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Musical Band Seeks to Revive Traditional Music of Khorasan

A group of youths in Kabul have been trying to revive the Khorasan music in the country, the traditional epic Persian music.

The teenagers—the majority of them the girls--call their band “Bazm-e-Wahdat” and are seeking to include Mystical and Sufi poems from prominent Persian poets Jalaluddin Muhammad Balkhi (Rumi)--a 13th century Persian poet and theologian--and Hakim Nasir Khusraw, a Persian poet, philosopher and one of the greatest writers in Persian literature.

According to the musical band, the traditional music of Khorasan is currently used only in at mystical and Sufi gatherings in Pamiri regions of Badakhshan, the northern areas of Pakistan and in Tajikistan.

“We do not have anyone in both lives except the God,” excerpt from a mystic poem of Rumi.

“We established this band five years ago. I was interested in music and wanted to be part of this band. For the past two years, I am playing Rubab (a lute-like musical instrument originating from central Afghanistan),” said Armaghan Raufi, a Rubab player.

“In this type of music, we normally select the mystic poems of Rumi and Hakim Nasir Khusraw,” said Anbarin Samadi, a member of the band.

“Tradition music of Khorasan is about 1,000 years old; it’s still alive in the Pamir regions of Afghanistan’s Badakhshan province,” said Habiburrahman Raufi, founder of the band.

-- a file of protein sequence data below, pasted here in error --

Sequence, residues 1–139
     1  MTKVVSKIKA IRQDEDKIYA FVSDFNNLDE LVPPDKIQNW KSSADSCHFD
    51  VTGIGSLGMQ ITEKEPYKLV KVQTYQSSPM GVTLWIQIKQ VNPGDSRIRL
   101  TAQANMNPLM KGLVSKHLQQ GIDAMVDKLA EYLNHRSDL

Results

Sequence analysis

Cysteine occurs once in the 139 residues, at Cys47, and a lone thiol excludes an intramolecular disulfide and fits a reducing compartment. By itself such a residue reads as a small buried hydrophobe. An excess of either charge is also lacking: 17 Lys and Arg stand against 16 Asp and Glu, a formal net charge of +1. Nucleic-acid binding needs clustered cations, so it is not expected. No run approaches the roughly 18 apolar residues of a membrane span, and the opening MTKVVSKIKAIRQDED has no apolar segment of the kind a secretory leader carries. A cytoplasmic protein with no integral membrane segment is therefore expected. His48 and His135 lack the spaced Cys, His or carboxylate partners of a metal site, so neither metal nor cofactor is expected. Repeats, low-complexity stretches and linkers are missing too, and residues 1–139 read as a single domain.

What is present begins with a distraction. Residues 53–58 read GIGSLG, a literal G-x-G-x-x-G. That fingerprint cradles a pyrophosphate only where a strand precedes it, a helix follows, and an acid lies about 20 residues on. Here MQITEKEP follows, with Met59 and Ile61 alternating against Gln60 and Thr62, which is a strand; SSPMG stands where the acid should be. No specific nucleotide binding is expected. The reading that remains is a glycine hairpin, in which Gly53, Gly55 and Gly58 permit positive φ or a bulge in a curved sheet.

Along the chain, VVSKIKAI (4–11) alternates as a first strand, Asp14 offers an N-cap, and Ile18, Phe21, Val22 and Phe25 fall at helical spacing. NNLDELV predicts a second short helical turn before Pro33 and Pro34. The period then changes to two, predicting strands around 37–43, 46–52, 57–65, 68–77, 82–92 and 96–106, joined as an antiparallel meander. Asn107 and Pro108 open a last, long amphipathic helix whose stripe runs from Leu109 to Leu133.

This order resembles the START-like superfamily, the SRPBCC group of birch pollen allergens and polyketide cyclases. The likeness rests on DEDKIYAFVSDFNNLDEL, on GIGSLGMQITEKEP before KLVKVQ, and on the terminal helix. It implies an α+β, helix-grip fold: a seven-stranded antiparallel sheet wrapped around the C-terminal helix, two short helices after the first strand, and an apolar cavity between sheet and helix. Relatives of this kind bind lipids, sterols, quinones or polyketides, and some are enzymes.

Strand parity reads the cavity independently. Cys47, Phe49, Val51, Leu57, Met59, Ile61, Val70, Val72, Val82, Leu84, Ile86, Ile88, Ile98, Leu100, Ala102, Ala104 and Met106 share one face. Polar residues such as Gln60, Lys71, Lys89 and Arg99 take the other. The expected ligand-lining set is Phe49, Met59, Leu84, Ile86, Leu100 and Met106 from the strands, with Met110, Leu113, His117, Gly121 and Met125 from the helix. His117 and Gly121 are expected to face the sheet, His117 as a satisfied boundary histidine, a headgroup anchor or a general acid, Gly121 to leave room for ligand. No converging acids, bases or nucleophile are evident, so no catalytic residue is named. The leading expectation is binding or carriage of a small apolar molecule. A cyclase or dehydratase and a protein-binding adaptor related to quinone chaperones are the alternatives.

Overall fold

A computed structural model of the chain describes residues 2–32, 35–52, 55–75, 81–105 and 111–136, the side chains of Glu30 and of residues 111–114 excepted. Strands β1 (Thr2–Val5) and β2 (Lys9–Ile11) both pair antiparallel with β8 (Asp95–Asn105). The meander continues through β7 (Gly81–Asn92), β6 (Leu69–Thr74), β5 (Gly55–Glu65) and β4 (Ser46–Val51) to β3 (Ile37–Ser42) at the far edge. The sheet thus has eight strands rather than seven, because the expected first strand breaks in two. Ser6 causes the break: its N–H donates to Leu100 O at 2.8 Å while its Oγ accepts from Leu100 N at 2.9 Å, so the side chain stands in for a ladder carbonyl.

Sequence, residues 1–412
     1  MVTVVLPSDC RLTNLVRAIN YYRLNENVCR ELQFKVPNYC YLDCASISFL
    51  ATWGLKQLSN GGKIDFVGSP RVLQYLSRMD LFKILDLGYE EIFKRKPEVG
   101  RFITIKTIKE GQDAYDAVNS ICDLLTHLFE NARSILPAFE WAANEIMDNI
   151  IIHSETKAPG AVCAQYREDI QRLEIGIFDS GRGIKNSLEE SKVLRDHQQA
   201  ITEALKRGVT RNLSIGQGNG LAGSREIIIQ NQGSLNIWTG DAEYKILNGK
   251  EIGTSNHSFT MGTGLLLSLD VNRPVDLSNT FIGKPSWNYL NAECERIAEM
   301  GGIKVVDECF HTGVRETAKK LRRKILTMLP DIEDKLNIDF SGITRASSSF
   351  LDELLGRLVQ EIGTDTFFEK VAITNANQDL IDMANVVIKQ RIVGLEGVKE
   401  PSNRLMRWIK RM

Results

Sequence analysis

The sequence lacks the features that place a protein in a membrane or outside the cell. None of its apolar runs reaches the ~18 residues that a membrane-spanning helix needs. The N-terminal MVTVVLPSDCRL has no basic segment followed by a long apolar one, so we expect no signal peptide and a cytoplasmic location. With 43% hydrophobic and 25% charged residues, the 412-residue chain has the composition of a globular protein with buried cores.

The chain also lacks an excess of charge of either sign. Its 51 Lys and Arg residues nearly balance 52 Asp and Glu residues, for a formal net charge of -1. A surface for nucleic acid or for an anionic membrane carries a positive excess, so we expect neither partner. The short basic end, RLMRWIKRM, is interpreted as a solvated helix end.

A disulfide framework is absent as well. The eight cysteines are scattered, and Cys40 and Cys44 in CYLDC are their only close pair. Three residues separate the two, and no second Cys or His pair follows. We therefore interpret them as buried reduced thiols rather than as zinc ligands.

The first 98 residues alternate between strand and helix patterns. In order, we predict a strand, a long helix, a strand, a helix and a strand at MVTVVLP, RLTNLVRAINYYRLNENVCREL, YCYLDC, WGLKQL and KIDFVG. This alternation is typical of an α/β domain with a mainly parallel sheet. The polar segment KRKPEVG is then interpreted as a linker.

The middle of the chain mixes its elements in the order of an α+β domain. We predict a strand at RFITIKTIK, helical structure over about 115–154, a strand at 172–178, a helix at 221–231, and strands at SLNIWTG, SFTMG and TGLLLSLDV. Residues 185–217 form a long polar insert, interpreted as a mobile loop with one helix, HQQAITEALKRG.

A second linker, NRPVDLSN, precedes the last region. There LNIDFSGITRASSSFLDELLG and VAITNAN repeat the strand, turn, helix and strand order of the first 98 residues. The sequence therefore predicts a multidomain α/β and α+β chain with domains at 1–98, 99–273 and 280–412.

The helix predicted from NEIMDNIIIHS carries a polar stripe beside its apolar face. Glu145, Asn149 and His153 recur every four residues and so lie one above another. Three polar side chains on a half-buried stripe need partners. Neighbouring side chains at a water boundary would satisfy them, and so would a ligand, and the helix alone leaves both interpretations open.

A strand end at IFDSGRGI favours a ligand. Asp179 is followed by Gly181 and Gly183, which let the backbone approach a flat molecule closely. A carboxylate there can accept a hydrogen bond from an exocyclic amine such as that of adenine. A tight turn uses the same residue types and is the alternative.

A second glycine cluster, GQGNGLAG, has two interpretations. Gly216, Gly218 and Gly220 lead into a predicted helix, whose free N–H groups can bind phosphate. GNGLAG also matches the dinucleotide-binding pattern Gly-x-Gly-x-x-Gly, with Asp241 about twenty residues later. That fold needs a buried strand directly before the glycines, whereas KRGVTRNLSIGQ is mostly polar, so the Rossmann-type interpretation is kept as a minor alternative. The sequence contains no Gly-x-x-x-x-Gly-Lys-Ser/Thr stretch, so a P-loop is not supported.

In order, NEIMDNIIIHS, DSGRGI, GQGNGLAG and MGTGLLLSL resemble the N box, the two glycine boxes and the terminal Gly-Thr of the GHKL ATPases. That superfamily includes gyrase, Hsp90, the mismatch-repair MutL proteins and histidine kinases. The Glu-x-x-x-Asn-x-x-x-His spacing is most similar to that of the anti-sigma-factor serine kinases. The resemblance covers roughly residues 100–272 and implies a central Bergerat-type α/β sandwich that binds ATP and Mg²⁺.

Arts & Culture

Musical Band Seeks to Revive Traditional Music of Khorasan

“We do not have anyone in both lives except the God,” excerpt from a mystic poem of Rumi.

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A group of youths in Kabul have been trying to revive the Khorasan music in the country, the traditional epic Persian music.

The teenagers—the majority of them the girls--call their band “Bazm-e-Wahdat” and are seeking to include Mystical and Sufi poems from prominent Persian poets Jalaluddin Muhammad Balkhi (Rumi)--a 13th century Persian poet and theologian--and Hakim Nasir Khusraw, a Persian poet, philosopher and one of the greatest writers in Persian literature.

According to the musical band, the traditional music of Khorasan is currently used only in at mystical and Sufi gatherings in Pamiri regions of Badakhshan, the northern areas of Pakistan and in Tajikistan.

“We do not have anyone in both lives except the God,” excerpt from a mystic poem of Rumi.

“We established this band five years ago. I was interested in music and wanted to be part of this band. For the past two years, I am playing Rubab (a lute-like musical instrument originating from central Afghanistan),” said Armaghan Raufi, a Rubab player.

“In this type of music, we normally select the mystic poems of Rumi and Hakim Nasir Khusraw,” said Anbarin Samadi, a member of the band.

“Tradition music of Khorasan is about 1,000 years old; it’s still alive in the Pamir regions of Afghanistan’s Badakhshan province,” said Habiburrahman Raufi, founder of the band.

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